Across the Atlantic in Britain, crops failed too, especially in Ireland and Wales, where families became refugees, taking to the road to seek nourishment. Germany and the rest of Europe fared no better and riots broke out in many European cities with arson and looting as desperate people sought relief.
Europe was still recovering from the destructive and expensive Napoleonic wars and the non-existent summer added to the problem. Major rivers such as the Rhine came down in flood.
The situation was so bad in Switzerland, which has the reputation of being so picture perfect, that the government had no choice but to declare a national emergency. Their summers of 1816 and 1817 were so cool that an ice dam formed below the Gietro Glacier, which disastrously collapsed in June 1818 despite engineer Ignaz Venetz’s diligent efforts to have it drained.
Historian John Post has described the 1816 famine as “Europe’s last, great subsistence crisis”.
In addition to the crop failures, a typhus epidemic in Ireland killed thousands.
Brown snow fell over Hungary and reddish snow in northern Italy, tinted by volcanic ash.
In China, the weather disrupted the monsoon season causing destructive flooding in the Yangtze valley, and the colder than usual weather killed off rice crops and trees, especially in the north.
Torrential rains in India contributed to a cholera outbreak which spread as far as Moscow, adding to the great misery indirectly caused by Tambora’s eruption. This cholera epidemic was one of the numerous factors which contributed to the eventual development of modern medicine.
The cooling effect of Tambora and the atmospheric debris it caused, lasted about three years, after which temperatures more or less returned to normal.
So the next time you feel you’ve had enough of winter, think of these poor folk. It’s equivalent to having a white Christmas in Johannesburg or Canberra.
On a lighter note: Other results of the Year without a Summer
Because of the incessant rain and darkness, Lord Byron and his literary friends including Percy Shelly and his wife-to-be, Mary, were confined indoors at their villa overlooking Lake Geneva and decided to have a contest to see who could come up with the scariest story. No doubt the miserable weather not only inspired Lord Byron’s poem Darkness, as well as a short story which was later used as a basis for Dracula, but Mary Shelley’s well known horror story Frankenstein. She was inspired by a very vivid waking dream which no doubt was brought on by the dark and threatening weather on the other side of the window, and fuelled her already fertile imagination.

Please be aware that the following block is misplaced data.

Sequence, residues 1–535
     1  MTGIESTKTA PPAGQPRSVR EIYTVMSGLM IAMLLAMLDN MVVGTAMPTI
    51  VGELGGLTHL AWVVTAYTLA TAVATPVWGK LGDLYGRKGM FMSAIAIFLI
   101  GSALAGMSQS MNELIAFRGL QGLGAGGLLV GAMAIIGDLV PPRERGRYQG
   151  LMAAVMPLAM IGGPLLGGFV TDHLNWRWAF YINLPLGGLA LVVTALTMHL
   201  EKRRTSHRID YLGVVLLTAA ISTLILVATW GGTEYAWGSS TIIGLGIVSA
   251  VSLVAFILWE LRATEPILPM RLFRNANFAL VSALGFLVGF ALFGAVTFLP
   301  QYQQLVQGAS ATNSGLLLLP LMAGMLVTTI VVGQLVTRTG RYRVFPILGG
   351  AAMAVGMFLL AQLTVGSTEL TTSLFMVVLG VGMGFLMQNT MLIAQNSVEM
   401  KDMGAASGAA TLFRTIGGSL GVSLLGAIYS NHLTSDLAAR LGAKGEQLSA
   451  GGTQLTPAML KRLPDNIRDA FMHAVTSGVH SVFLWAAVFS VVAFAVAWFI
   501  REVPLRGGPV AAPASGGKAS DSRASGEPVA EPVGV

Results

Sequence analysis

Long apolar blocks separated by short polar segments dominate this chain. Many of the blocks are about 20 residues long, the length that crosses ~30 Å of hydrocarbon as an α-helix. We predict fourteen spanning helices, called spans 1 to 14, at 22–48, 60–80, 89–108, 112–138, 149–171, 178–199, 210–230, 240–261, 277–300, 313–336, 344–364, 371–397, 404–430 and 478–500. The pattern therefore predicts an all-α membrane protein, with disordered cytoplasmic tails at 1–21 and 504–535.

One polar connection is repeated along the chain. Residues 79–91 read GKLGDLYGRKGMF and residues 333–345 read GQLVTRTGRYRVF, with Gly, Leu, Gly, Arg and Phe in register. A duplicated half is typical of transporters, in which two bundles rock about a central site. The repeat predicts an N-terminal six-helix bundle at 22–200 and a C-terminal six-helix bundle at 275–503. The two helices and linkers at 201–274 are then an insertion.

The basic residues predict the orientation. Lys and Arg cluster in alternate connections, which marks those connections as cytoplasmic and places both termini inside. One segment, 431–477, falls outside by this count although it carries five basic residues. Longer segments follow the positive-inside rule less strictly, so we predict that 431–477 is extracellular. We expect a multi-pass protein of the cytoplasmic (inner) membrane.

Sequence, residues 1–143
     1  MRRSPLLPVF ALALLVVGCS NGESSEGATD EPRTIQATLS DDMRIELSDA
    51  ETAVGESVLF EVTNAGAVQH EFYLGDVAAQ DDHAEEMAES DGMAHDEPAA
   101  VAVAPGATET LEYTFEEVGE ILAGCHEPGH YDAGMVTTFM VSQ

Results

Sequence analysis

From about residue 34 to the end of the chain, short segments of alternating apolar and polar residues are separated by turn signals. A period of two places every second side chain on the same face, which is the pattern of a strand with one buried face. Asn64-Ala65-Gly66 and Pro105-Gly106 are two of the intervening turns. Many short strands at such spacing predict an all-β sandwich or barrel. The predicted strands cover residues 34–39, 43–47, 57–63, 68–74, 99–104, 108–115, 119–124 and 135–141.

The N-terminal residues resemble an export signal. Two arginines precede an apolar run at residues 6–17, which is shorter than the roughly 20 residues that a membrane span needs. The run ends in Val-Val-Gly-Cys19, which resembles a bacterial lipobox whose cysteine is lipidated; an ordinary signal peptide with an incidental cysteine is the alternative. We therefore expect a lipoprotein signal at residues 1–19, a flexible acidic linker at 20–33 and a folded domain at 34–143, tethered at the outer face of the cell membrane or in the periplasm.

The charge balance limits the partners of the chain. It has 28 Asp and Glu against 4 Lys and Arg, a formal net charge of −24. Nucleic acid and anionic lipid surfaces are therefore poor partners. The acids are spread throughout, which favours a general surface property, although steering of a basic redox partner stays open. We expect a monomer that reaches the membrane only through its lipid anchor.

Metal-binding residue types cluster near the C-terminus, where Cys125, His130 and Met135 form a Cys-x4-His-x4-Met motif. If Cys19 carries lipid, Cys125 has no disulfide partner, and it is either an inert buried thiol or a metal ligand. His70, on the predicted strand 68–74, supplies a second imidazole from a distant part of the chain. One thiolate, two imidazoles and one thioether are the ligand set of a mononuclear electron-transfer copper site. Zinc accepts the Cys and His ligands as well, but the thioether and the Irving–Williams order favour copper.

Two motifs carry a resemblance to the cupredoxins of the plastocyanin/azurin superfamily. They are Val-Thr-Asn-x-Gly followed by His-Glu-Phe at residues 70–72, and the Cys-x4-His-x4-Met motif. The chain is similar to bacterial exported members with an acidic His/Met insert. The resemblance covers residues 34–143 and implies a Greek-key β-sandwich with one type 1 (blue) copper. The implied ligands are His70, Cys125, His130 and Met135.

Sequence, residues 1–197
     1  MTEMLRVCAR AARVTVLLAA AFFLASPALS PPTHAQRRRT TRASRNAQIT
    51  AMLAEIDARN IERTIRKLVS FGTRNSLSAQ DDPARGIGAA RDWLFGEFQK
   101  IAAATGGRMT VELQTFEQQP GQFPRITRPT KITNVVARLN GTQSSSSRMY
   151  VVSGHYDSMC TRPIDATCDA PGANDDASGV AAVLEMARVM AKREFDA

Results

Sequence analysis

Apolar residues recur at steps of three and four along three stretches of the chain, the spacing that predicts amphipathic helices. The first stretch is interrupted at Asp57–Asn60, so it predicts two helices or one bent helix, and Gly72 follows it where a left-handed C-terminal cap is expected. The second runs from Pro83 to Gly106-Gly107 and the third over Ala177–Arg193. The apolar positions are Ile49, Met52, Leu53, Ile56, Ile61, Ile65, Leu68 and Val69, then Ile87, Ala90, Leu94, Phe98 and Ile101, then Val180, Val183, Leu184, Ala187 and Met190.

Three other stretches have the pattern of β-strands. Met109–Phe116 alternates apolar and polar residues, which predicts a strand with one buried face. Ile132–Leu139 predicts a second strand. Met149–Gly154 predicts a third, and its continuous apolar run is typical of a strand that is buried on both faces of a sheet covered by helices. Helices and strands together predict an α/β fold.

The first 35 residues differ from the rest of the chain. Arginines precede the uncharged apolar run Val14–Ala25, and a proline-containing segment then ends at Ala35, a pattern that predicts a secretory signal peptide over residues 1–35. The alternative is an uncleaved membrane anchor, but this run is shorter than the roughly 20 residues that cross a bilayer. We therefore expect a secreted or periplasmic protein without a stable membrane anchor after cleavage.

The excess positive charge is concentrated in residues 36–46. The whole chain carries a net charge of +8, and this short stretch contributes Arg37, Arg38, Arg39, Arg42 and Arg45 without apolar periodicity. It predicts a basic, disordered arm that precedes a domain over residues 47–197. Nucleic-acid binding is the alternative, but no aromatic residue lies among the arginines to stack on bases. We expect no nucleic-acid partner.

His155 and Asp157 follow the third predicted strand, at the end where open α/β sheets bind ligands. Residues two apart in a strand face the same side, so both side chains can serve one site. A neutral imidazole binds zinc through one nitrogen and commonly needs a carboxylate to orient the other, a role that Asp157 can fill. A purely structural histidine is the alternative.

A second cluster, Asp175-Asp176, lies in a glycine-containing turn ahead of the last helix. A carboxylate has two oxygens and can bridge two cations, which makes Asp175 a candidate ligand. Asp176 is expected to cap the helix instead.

The high price of oats made keeping horses prohibitively expensive for many. A German engineer named Karl Drais to develop the forerunner of the modern bicycle, known as a draisine or velocipede. To be honest, you might as well walk. The best thing about them is you won’t fall off…I doubt one would get very far in the Tour de France with one of these:
The unusually high levels of tephra in the atmosphere caused vivid yellow sunsets for some years afterwards, and such sunsets can be observed in some of J M W Turner’s paintings, notably Chichester Canal (1828).
A chemist named Justus von Liebig, who experienced the hard times in Darmstadt as a child, grew up to research and develop mineral fertilizers to improve crop yields.
While the rest of the northern hemisphere experienced plummeting temperatures, the Arctic region actually warmed up during this period, allowing British explorers to map the area and seek the elusive Northwest Passage. Thus nature always seems to achieve a balance during such times.
No doubt a supervolcanic eruption on a large enough scale could once again play havoc with the world’s weather, as has happened from time to time. The Toba super-eruption, 70-75 000 years ago certainly caused a global catastrophe which lasted for many years and affected life throughout our always volatile planet.
Luckily if we are still around at the next major eruption we would at least have some warning of such an event, as the Global Volcanism Programme, which falls under the Smithsonian Institution, keeps a close watch on all the world’s “hot spots” today.